Upon arriving, I rushed up to Robin Parer’s booth to inquire if she was selling ‘Salome,’ a geranium I’ve grown and lost several times and, standing before her, was struck freakishly mute. No Latin or common names could be summoned, just lots of nervous hand flapping. Robin, taking me for a rank punter, began to gently advise of the difference between true pelargoniums and herbaceous geraniums, assuming what I was after were probably lipstick red pelargoniums for a lone windowbox. Another customer came to claim her attention, and I slunk away, shamed to the core. Three minutes later, botanical Latin flooded back, and I was able to get a complete question out. No, Robin wasn’t carrying ‘Salome’ today and would not sell it in any case to someone in Southern California because of its poor performance here. I made a small purchase from Robin then headed to the auditorium to find a seat, but was still seriously rattled by my Harpo Marx routine at her booth. (I described it to my husband later that night, to which he rejoined, “So you were piss shy.” Ah, the art of brevity.)
In the auditorium, all nervousness subsided when I joined an audience that oohed and laughed and whispered in astonishment at exactly the same moments, like one giant, delighted organism, in response to Bale’s lecture and slide show of his work. Permeability is on his mind, and breaking up our water-sloughing driveways to transform them into grander, more porous and creative entrances to our gardens. We need to rent concrete saws on the weekend for $200 and get busy. This whippet-lean man inhabits a world that’s a blank canvas waiting to be mosaiced and pebbled and freed from the mundane and utilitarian, to be infused with personal symbology, where designs inspired by Miro swirl underfoot. His mortared-in mosaic work is always surrounded by permeable paving. Examples of ancient permeable paths still serviceable today flickered across the screen, his own photos of Rome’s Villa Borghese, the Boboli in Florence, the Granada in Spain. Bales is a prodigious traveler, exploring the world’s cultures through their poetics of stone, returning dozens of times to South America and Asia. Gravel for surfacing gets high approval, especially when there are cost constraints, as does getting prone in gardens, whether for lounging, bathing, or sleeping. Sitting in a chair is way too formal of a garden encounter for Bale, an unapologetic sybarite who favors layering throw rugs on seating areas in summer. His book on sale after the talk, “The Gardens of Jeffrey Bale,” is full of details than can be adapted on a smaller scale for possibly less energetic stonemasons.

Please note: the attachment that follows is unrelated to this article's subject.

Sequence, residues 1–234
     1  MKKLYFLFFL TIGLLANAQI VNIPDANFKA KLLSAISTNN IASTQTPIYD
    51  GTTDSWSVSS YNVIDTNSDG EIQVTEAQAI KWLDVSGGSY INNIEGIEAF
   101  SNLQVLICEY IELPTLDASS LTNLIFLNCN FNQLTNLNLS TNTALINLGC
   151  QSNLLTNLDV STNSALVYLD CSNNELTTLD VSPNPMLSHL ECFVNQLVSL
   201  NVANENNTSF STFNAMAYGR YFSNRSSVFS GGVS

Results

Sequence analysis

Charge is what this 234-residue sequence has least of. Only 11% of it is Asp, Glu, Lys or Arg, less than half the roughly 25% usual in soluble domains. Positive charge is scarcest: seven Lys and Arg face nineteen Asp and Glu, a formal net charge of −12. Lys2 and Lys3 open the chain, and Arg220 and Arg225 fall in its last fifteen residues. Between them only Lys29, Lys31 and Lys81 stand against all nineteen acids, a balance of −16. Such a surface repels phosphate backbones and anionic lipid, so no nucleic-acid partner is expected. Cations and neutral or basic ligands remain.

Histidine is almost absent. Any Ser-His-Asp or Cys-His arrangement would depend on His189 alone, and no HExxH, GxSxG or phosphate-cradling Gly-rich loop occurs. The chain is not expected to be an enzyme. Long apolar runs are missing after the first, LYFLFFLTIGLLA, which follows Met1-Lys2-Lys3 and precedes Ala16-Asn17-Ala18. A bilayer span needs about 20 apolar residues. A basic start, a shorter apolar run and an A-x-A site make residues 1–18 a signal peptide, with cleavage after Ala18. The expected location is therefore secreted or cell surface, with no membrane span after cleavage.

In a New York Times profile published in December 2009, Bale stated of his work, “‘I feel that the designs should have meaning and trigger consciousness.” Elsewhere Bale has stated his intention is “to manifest an Earthly and Heavenly paradise through the gardens that I build.”
In autumn of 2009, MB Maher photographed some of Jeffrey Bale’s design work in the Pacific Northwest.
After Bale’s talk, I ventured out into the arboretum and shared some shade with a peacock under trees near the cactus and succulent garden. Puya mirabilis’s lime green flowers were just beginning to bloom. The habit of this puya is similar to dierama, tall, arching and elegant, but takes up very little space when not in bloom, perfect for my gravel garden. Sitting quietly with my peacock friend, I watched wedding planners set up chairs on a lawn in 105-degree heat and reflected on how the brick-on-sand path running through my gravel garden could use a bit of inlaid detail. And about the driveway, when the weather cools off, anything is possible…